The Trump administration announced new rules Wednesday to make it tougher for U.S. businesses to work in Cuba and for Americans to travel to the island.
The restrictions are aimed at finally enacting what Trump in June described as plans to reverse the Obama-era diplomatic opening with the communist-ruled island.
Effective Thursday, businesses will be required to obey a new set of regulations that are “intended to steer economic activity away from the Cuban military, intelligence and security services,” a senior White House official said, speaking on condition of anonymity to brief reporters.
The Cuban military is deeply enmeshed in much of the island’s economy, including the tourism industry.
Individuals will be prohibited from traveling to Cuba under the new rules but can continue as part of groups resistered with the U.S. government and following the so-called “people-to-people” plan, which generally requries the trip to have an educational component.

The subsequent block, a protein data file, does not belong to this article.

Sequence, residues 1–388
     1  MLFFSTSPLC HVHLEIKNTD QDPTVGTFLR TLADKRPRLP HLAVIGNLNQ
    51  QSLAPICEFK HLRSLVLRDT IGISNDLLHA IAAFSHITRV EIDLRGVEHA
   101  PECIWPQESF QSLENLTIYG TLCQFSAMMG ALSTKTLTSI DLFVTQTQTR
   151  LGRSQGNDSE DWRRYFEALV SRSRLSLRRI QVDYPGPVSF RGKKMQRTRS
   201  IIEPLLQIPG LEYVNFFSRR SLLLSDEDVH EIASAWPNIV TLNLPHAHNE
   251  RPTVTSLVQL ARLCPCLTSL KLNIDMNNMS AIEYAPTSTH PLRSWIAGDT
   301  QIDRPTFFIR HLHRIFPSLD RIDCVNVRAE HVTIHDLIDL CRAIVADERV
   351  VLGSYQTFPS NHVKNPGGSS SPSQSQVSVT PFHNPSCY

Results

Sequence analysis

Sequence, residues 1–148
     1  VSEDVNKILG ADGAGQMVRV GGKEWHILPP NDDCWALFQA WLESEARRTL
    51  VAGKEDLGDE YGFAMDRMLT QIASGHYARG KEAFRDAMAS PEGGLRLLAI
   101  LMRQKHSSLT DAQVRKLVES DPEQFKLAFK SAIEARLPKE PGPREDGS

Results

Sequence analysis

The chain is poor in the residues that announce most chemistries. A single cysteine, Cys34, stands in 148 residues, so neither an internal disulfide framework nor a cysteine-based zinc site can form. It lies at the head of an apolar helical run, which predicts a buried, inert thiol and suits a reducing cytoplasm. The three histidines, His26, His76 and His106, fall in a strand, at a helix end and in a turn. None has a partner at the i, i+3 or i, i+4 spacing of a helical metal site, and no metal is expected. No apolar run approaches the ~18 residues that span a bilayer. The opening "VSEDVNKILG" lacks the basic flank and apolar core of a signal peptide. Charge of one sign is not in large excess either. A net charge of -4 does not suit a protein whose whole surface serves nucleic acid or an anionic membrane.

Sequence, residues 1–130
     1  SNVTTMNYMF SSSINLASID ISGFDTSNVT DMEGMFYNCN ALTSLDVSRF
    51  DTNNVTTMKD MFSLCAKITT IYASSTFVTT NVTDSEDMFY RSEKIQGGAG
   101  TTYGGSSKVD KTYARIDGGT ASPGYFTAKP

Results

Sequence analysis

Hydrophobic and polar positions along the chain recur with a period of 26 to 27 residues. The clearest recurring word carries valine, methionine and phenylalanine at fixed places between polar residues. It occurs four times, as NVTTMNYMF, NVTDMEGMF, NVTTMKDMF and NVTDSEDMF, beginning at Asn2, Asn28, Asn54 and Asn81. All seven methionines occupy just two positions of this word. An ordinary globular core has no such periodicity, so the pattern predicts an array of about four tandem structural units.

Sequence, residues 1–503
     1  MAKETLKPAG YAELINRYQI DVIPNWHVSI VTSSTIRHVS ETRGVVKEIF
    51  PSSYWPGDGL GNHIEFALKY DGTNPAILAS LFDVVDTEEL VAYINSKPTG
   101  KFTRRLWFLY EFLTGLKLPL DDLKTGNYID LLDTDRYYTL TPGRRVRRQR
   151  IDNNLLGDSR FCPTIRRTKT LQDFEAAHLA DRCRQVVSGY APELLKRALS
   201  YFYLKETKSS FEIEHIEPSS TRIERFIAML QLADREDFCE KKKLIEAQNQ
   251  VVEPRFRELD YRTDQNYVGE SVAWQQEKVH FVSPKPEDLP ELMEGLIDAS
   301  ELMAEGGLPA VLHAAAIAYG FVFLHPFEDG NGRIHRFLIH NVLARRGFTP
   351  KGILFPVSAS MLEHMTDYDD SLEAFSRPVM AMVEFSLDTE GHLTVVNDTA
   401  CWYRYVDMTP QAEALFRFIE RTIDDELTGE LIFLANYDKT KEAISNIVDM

Travel by Americans to the island had exploded in the months since President Obama renewed diplomatic ties with Cuba in 2015, following a half-century of Cold War-era hostility.
Advocates of better ties with Cuba reacted with anger.
“At a time that President Trump is meeting with communist leaders in China and Vietnam, these regulations show the absolute hypocrisy and political pandering of the Trump administration on Cuba,” said Collin Laverty, president of Cuba Educational Travel, a group that arranges trips to the island.